The Lahore High Court on Thursday issued a notice to the Central Censor Board and Pakistan Electronic Media Association (PEMA) for December 16 on a petition by Pakistan Cinema Owners Association and distributors of films to become party in the case against exhibition of Indian movies.
Barrister Ali Zafar appeared before the court on behalf of the petitioners and said that the case filed by a private TV show host against exhibition of Indian films was a misrepresentation an ex-parte order for stopping the Central Board of Censors from certifying smuggled films only.
He said the Pakistan Motion Pictures Ordinance and the Censorship of Films Rules, which govern the jurisdiction of the Censor Board, did not prohibit the certification and exhibition of any Indian films.
He said the Censor Board could refuse to certify a film prejudicial to the glory of Islam or the integrity, security or defence of Pakistan.
He said the Censor Board was duty-bound to examine and certify films on a case-to-case basis.
He said the revival of Pakistani films depended on the existence of cinemas and his clients had invested heavily in setting up state-of-the-art centres in Pakistan.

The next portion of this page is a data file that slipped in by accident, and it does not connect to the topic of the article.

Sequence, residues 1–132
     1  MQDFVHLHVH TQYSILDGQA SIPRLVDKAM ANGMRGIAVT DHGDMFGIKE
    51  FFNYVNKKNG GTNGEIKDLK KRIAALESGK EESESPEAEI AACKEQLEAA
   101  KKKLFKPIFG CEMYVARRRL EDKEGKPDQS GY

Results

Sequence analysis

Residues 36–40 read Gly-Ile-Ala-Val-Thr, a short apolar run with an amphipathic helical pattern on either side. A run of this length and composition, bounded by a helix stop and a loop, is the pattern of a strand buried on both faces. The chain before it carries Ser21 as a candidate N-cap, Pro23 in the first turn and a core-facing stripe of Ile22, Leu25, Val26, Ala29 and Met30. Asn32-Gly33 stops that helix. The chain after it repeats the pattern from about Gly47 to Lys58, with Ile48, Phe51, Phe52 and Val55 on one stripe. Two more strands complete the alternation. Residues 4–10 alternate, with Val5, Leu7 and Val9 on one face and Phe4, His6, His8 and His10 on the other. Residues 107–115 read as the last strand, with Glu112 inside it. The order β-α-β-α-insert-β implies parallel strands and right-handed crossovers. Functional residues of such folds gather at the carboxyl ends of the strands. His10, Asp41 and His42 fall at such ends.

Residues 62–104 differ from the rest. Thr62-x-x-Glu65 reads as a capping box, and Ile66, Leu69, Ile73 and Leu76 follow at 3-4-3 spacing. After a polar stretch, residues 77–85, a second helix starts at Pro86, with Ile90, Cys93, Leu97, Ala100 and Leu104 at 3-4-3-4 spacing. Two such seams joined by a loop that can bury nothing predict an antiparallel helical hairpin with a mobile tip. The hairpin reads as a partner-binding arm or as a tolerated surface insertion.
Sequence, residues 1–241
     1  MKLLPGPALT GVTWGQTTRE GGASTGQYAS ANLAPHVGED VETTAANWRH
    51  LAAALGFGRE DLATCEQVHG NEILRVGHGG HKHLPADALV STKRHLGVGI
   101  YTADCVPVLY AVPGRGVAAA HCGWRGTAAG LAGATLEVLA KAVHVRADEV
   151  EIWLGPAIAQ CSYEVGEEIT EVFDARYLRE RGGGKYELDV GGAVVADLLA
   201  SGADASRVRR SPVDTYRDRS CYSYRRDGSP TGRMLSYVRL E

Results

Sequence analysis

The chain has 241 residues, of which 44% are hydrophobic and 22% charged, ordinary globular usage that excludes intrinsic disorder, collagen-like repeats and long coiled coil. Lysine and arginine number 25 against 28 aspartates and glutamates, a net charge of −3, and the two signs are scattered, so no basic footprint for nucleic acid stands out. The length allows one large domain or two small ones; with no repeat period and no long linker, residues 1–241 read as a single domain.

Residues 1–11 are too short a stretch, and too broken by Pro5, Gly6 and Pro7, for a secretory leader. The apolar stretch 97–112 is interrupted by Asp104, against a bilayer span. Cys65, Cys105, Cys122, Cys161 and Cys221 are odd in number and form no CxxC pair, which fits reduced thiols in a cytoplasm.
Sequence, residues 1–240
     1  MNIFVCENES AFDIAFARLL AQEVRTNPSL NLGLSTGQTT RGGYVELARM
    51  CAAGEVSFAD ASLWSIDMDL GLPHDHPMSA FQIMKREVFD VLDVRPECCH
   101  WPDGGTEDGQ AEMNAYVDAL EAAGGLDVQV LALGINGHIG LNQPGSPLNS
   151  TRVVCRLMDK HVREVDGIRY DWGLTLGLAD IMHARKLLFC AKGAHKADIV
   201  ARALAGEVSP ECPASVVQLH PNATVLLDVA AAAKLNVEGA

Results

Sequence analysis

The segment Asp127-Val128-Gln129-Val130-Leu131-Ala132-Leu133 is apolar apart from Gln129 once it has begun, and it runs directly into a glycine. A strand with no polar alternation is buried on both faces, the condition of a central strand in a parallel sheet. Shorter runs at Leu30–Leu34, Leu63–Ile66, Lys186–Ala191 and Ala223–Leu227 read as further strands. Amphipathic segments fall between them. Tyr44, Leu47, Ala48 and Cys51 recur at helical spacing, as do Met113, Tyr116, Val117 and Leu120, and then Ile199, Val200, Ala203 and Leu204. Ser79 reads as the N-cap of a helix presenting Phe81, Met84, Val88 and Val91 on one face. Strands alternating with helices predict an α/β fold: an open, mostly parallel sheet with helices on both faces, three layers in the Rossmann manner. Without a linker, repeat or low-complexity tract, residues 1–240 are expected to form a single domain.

He said the people of Pakistan were starved for entertainment and appreciated the revival of the “cinema culture” which also presented a soft image of Pakistan to the rest of the world.
He said the existence of the cinema had revived a form of art and culture in Pakistan and the Pakistani film industry had seen a resurgence of quality films.
He said the petitioner had sought to ban all Indian films and the court’s order could mean the death of cinemas in Pakistan.
He added that the livelihood of thousands of people employed in the industry would be jeopardised.
He said that although the court had not stopped the Censor Board from certifying Indian films and only banned smuggled films, the chairman was delaying certification of legally imported films as well.
Earlier the court had banned smuggled films in the country.
The petitioner had submitted that the exhibition of all Indian films, TV dramas and other programmes was in violation of Section 270-A Motion Pictures Ordinance 1979 and Martial Law Order 81.
The petitioner had requested the court to accept the petition and issue directions to all respondents to stop the exhibition of all type of Indian content on Pakistan’s channels.
Meanwhile, India’s Information and Broadcasting Minister Manish Tewari on Thursday criticised the Pakistani court’s order to stop the screening of Indian content on TV channels, saying that films and serials were ideas that couldn’t be stopped.
In a tweet, Tewari said, “Pakistani jingoists should know that films and TV serials are ideas and ideas can’t be barred.
The Pakistani government must remove them from negative list ASAP.”
The ban on Indian films has been widely criticised since it was announced last week.
Published in The Express Tribune, December 13th, 2013.
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